12. Shimol SB, Dukhan L, Belmaker I, Bardenstein S, Sibirsky D, Barrett C, Greenberg D, , 2012. Human brucellosis outbreak acquired through camel milk ingestion in southern Israel. Isr Med Assoc J 14: 475478. [Google Scholar]
  13. Chomel BB, DeBess EE, Mangiamele DM, Reilly KF, Farver TB, Sun RK, Barrett LR, , 1994. Changing trends in the epidemiology of human brucellosis in California from 1973 to 1992: a shift toward foodborne transmission. J Infect Dis 170: 12161223. [Google Scholar]
  14. Schelling E, Diguimbaye C, Daoud S, Nicolet J, Boerlin P, Tanner M, Zinsstag J, , 2003. Brucellosis and Q-fever seroprevalences of nomadic pastoralists and their livestock in Chad. Prev Vet Med 61: 279293. [Google Scholar]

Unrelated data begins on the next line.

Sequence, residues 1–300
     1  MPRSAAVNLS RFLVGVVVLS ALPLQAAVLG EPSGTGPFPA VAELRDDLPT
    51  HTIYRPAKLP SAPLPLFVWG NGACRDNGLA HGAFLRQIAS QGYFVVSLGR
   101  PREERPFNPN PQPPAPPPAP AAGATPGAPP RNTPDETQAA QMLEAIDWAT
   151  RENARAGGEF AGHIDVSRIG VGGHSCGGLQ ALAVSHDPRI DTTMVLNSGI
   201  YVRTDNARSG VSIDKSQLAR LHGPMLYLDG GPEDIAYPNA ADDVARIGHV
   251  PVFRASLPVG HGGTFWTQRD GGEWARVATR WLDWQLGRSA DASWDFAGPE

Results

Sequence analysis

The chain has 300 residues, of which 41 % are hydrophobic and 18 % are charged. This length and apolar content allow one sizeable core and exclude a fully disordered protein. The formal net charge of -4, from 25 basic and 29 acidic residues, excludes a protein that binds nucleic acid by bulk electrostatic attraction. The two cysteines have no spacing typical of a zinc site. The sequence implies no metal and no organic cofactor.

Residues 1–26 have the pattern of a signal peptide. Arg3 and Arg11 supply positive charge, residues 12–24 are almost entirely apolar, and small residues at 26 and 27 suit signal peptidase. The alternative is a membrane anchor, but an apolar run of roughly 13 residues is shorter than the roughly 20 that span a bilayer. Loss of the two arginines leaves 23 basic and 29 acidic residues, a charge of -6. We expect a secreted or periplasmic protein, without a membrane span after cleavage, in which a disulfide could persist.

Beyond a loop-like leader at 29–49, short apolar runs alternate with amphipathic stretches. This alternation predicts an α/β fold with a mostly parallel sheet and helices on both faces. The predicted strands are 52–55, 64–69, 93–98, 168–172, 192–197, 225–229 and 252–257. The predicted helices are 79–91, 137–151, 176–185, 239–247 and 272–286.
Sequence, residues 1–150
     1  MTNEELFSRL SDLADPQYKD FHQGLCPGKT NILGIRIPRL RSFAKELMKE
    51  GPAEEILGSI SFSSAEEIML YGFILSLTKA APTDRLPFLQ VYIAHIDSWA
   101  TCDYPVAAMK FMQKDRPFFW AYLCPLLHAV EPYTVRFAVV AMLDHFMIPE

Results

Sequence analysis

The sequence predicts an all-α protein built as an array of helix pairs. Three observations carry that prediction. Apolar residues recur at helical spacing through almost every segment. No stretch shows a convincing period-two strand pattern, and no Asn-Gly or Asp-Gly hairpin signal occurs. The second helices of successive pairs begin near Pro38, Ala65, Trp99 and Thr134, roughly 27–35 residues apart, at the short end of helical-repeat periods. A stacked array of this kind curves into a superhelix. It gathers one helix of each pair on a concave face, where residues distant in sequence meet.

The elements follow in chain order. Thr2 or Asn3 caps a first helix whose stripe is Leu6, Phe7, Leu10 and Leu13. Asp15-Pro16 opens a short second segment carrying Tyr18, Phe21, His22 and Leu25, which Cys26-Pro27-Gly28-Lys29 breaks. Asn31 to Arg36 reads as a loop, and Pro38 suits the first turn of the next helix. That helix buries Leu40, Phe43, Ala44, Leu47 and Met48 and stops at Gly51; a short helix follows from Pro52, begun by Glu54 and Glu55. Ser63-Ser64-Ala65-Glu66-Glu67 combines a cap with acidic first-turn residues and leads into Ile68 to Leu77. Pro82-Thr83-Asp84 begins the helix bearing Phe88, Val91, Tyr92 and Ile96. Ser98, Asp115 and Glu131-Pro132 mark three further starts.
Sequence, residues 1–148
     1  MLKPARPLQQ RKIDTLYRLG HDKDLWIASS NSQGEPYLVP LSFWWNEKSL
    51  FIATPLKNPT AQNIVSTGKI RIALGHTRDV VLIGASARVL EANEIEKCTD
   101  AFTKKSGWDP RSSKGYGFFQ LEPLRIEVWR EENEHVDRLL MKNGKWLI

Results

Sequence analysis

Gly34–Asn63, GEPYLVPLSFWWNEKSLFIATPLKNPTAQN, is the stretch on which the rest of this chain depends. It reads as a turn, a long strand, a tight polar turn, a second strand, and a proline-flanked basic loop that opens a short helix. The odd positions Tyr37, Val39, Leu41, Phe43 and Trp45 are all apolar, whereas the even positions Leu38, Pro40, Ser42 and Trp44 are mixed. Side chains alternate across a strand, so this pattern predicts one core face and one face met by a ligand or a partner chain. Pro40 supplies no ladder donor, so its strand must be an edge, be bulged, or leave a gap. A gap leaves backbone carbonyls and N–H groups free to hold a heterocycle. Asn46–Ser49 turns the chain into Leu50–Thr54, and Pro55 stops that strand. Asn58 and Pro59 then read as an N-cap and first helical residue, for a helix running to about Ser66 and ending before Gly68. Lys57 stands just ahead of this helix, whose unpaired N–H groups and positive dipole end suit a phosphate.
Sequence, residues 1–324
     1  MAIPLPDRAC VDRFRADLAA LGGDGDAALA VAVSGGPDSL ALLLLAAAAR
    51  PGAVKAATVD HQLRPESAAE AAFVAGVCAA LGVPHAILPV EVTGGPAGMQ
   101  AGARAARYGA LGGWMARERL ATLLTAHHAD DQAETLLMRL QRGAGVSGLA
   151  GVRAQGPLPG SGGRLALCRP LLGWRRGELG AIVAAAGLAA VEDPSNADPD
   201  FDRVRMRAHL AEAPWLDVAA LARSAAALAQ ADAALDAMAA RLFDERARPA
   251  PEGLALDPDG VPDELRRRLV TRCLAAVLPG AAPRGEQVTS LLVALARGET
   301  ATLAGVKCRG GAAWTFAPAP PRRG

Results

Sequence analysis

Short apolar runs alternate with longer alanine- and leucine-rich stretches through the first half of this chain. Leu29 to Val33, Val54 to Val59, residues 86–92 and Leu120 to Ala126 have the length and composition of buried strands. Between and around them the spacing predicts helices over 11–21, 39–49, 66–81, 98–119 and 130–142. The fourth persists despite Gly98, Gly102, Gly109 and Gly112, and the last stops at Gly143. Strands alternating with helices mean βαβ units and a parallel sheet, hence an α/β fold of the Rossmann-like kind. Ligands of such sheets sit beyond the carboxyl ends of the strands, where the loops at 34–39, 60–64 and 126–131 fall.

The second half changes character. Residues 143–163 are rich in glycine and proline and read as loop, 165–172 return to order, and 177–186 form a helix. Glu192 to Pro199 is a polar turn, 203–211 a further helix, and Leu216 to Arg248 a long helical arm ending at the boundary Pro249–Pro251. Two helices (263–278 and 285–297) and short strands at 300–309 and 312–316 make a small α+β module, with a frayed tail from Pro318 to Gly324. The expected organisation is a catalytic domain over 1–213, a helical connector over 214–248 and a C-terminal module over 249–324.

15. Crump JA, 2013. Etiology of severe non-malaria febrile illness in northern Tanzania: a prospective cohort study. PLoS Negl Trop Dis 7: e2324. [Google Scholar]
  16. Swai ES, Schoonman L, , 2009. Human brucellosis: seroprevalence and risk factors related to high risk occupational groups in Tanga Municipality, Tanzania. Zoonoses Public Health 56: 183187. [Google Scholar]
  17. John K, Fitzpatrick J, French N, Kazwala R, Kambarage D, Mfinanga G, MacMillan A, Cleaveland S, , 2010. Quantifying risk factors for human brucellosis in rural northern Tanzania. PLoS One 5: e9968. [Google Scholar]
  18. Shirima GM, Masola SN, Malangu ON, Schumaker BA, , 2014. Outbreak investigation and control case report of brucellosis: experience from livestock research centre, Mpwapwa, Tanzania. Onderstepoort J Vet Res 81. [Google Scholar]
  19. Government of Tanzania, 2002. Population and Housing Census. Dar es Salaam, Tanzania: National Bureau of Statistics, Government of Tanzania.
  20. Food and Agriculture Organization of the United Nations, Livestock Information, Sector Analysis and Policy Branch, 2005. Livestock Sector Brief. Tanzania: United Republic of Tanzania.